I tried various combinations with clip-whips, and decided that what I wanted was to have a standard Les Paul-type switch for the HBs, and be able to combine them with the SC in reverse phase (Stratocasters typically wire the middle pickup reverse-phase, which gives them their distinctive “quack”). That would give me the greatest variety. I also decided not to bother with the dummy coil, as testing showed little effect without more complex circuitry, and I was in a hurry.
I could have done this with with one AllParts switch and an SPST toggle… But I also wanted to have the SC available on its own (on its lonesome it wouldn’t care about phase). A few quick sketches showed that I needed two AllParts toggles to make it work. Quick trip to the parts store…and disaster.
The Strat pickguard blank normally covers more space than was available in the Behringer body. So I had to break out the Dremel again to make room for the switches. Finally, I got everything to fit, then flipped the pickguard over to wire things up. I made a nice common ground bus to avoid noise, and used my soldering-fu. I put on some strings, and the result was this:
The two toggle switches work together to give me quite a range of sounds. Here’s a demo recorded on my phone, using the the guitar through a Fender Mustang I amp. You need to go to this link–a hidden page on my professional web site–to hear it:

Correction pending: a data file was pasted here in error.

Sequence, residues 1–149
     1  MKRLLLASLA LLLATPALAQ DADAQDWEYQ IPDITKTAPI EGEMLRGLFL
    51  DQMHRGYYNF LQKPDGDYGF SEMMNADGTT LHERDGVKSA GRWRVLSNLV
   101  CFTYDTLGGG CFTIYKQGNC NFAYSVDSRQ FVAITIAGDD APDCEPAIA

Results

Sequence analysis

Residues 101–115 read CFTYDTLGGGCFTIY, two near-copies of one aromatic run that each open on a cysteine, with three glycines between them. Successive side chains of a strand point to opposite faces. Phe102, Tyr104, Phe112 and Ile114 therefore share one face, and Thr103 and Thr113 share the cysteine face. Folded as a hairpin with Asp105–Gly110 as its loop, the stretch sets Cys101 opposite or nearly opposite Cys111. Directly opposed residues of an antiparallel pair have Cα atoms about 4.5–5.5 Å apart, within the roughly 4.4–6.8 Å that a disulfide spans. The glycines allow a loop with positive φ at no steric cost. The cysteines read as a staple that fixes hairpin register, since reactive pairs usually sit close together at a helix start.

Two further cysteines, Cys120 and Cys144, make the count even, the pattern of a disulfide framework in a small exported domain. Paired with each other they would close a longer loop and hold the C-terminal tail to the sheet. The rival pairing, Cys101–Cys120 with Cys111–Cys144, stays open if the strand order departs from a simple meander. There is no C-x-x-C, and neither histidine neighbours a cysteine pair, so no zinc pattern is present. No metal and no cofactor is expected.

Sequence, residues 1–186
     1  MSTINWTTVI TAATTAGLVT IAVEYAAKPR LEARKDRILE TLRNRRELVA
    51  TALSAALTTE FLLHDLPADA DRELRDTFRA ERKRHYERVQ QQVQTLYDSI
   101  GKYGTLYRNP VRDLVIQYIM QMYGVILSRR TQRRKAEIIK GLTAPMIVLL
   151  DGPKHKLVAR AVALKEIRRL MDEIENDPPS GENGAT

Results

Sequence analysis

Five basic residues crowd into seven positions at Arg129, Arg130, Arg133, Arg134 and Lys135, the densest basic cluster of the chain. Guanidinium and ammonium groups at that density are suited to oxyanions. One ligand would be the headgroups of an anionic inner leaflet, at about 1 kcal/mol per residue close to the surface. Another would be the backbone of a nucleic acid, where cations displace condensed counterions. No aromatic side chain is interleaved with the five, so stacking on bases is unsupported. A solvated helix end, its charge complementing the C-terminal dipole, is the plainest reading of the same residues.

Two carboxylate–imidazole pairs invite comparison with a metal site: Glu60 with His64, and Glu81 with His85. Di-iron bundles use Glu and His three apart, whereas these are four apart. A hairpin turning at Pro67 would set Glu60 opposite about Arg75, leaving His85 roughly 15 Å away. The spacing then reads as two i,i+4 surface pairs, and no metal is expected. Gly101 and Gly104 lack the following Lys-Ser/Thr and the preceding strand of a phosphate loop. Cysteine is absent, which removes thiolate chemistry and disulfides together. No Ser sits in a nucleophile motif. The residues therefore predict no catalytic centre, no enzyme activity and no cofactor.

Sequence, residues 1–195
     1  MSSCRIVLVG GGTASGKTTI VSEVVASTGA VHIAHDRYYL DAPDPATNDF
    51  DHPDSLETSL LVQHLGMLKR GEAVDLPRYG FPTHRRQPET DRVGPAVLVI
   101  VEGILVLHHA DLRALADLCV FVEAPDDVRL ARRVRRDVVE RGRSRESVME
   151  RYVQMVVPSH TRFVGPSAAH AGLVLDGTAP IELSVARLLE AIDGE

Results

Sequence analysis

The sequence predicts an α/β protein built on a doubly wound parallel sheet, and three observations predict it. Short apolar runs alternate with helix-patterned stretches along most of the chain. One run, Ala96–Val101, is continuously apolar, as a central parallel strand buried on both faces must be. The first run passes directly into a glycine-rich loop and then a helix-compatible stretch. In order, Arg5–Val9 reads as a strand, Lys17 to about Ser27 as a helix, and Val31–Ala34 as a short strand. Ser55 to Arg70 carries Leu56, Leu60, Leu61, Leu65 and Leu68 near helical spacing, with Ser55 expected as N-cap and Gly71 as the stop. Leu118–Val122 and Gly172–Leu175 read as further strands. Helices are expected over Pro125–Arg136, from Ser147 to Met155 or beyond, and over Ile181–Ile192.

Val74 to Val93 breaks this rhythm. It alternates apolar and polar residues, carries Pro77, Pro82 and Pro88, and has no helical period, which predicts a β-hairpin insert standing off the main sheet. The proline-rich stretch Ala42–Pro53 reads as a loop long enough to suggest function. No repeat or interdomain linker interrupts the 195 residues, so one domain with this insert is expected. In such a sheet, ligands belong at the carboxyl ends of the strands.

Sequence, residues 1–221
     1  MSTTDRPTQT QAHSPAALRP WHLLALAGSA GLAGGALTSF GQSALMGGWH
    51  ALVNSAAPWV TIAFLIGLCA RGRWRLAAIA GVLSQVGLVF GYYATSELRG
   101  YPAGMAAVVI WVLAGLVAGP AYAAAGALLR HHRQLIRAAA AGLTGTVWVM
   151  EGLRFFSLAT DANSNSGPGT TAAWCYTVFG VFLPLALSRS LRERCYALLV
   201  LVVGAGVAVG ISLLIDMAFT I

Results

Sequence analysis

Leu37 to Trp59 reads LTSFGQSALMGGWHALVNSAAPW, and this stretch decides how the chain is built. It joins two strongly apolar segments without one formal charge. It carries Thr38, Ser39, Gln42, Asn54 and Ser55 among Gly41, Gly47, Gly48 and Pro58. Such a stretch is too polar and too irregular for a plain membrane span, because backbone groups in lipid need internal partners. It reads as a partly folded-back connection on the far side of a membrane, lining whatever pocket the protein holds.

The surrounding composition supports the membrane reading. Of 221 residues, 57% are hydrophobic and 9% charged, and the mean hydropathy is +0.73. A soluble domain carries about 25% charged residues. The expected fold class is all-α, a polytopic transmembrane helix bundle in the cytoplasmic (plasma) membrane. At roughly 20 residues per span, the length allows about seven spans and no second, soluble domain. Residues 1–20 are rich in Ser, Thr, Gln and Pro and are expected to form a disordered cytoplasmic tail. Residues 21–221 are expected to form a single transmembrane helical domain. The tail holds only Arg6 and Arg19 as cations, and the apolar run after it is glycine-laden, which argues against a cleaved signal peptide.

I apologize for how totally incoherent I am on that demo recording, and how badly I play on it. I’m still fighting a head cold (which you can hear) and I’m also not used to the long scale length on the guitar yet.
Anyway, that will give you a sense of the kinds of sounds I can get. My favorites, as I say on the recording, are the neck HB pickup (a nice round town), the SC pickup alone (a little brighter and more mid-rangy without being harsh) and both HB and the reverse-phase SC together (a bit of rubber-band on the bass strings, rather thin and harsh on the treble, but it cuts through distortion.
Perhaps the best combination would have been just the HB neck and SC mid-position. Dunno. But I’m reasonably happy with what I’ve got.
Next steps: You may have noticed that the Behringer body has a “floating tremelo” bridge arrangement. I am not a fan of tremelo (I can do real vibrato) so I expect I will be blocking that tremelo, or perhaps even removing it and setting the guitar up with a hardtail bridge at some point. But for now, this is what I’ve got.
So. It’s been a while since I last wrote. Maybe I’m getting old.
Or maybe not.
There’s a piece in today’s New York Times that examines the question of getting old.
Honestly, I do not feel old. Oh, I ache a little in the mornings, but that’s OK. My mind feels 20-something.
OK, that’s all throat clearing.
The other day, I was listening to Bob Dylan in my car. The song that came on was Rainy Day Women #12 & 35. And it got me to thinking.